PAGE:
Unlike most media-management tools, Flow doesn’t attempt to change you or force you to work a certain way -- instead, it works around how you work now
- Keeps projects organised, behind-the-scenes time tracking and versioning, works almost seamlessly.
- Won’t appeal to all creatives, lacks support for some applications (such as QuarkXPress)
Flow won’t suit everyone -- creatives who mainly work on single-use, unrelated projects will have little use for it -- but if you spend a lot of time on multi-faceted projects with lots of different versions and shared assets, Flow could make your life so much easier.
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The flowchart runs from left to right. Your project file (such as a Photoshop PSD, InDesign INDD or After Effects AEP) sits in the centre with its constituent elements to the left and any exported files to the right. For any file in your Map, you can view a thumbnail or open it up for an instant preview. You can scroll through the pages of a PDF, though not InDesign files.
You can also have a look at each file's internal attributes (above) -- these aren’t traditional metadata, but data relevant to the type of file it is. You can see the names of layers within PSDs, fonts and colour swatches within InDesign and Illustrator files, compositions within After Effects projects, and so on.
All of this information is searchable through panels in both the main Flow application and the Flow dashboard. So if you’re looking for a Photoshop composition but all you remember is that it had a layer called ‘Woman in Red’ in it or used the Plantin font, you can search for these.
Most of the time with Flow you won’t need to search, though. If, for example, you want to find a stock shot of a woman in a red dress that you comped into a PSD that you used in a brochure, you open the brochure in Flow and trace back to the original image. Flow remembers where that image was when you used it, even if it’s not accessible anymore – so can tell you what the name of the CD or external drive it was on so you can dig it out.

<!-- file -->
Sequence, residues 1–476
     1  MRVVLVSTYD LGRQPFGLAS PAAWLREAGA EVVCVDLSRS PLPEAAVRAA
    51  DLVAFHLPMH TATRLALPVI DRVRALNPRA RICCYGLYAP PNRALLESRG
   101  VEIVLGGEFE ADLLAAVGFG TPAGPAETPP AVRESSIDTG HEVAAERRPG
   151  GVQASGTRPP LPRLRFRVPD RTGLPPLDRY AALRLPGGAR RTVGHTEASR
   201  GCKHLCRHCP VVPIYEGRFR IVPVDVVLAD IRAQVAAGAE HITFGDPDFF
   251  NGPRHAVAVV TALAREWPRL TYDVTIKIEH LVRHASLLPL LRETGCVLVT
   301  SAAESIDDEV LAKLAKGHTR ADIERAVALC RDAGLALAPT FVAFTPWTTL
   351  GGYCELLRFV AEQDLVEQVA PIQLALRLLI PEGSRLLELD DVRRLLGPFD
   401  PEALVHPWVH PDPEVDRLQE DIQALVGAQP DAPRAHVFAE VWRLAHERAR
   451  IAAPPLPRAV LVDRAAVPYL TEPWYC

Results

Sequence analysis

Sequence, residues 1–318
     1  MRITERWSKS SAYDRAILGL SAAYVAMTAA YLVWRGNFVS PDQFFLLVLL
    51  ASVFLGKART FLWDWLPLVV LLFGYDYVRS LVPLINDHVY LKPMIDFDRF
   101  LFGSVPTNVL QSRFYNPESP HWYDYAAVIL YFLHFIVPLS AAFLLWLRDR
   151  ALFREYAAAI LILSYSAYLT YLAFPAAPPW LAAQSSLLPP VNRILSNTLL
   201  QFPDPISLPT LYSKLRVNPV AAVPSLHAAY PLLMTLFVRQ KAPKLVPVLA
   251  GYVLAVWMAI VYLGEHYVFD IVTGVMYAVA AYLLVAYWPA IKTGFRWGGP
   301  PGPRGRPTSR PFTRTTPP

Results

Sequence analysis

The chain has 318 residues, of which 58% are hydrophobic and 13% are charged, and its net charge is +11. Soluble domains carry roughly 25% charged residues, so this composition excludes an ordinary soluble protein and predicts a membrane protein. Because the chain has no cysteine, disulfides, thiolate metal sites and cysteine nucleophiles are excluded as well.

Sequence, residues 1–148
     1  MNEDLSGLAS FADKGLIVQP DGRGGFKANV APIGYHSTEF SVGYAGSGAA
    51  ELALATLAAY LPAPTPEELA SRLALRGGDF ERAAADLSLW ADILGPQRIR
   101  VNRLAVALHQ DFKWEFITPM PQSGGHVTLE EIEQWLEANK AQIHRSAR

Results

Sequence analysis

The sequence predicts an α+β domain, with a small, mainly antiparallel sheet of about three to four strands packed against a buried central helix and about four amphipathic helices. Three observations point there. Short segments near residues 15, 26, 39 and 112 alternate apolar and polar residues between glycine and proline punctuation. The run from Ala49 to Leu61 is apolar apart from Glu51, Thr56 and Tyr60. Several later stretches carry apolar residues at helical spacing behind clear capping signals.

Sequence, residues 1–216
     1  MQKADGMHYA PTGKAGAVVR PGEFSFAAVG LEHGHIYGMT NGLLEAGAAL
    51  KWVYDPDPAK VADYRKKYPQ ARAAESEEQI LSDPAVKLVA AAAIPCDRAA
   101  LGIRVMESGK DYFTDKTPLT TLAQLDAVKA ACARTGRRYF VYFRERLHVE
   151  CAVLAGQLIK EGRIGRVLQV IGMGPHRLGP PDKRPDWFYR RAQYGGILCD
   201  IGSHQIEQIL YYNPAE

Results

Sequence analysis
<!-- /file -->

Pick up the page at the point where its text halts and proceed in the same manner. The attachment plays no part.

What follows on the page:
Moving around the Map is swift and easy, using the spacebar to Hand tool-move around and Cmd/Ctrl and your mouse’s scrollwheel to zoom in and out. There’s also a clickable overview in the bottom left, in case you get lost.
The flowcharts can get very large on complex projects, but they never get messy, due to the clear visual interface. Flow colour-codes different node types and greys out elements nodes that aren’t on the same to the selected file, and groups similar types of files together if there are more than 15 (or an amount you set) attached to a single project file. This clean layout is especially important if you expand the ‘stubs’ below media files that show which other projects they’re connected to -- say, to check where a logo is used either before you change it, or to quickly see which projects files need be opened and updated with the new version.
You can bookmark Maps of current or regularly used projects to quickly access them -- and share Maps with other Flow users on your network. With only a single licence, we couldn’t test this, but apparently it works without needing to be set up, through GridIron’s own networking technology.
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GGG Evaluation Team
First impression on unpacking the Q702 test unit was the solid feel and clean, minimalist styling.
For work use, Microsoft Word and Excel programs pre-installed on the device are adequate for preparing short documents.
The Fujitsu LifeBook UH574 allowed for great mobility without being obnoxiously heavy or clunky. Its twelve hours of battery life did not disappoint.
The screen was particularly good. It is bright and visible from most angles, however heat is an issue, particularly around the Windows button on the front, and on the back where the battery housing is located.
My first impression after unboxing the Q702 is that it is a nice looking unit. Styling is somewhat minimalist but very effective. The tablet part, once detached, has a nice weight, and no buttons or switches are located in awkward or intrusive positions.
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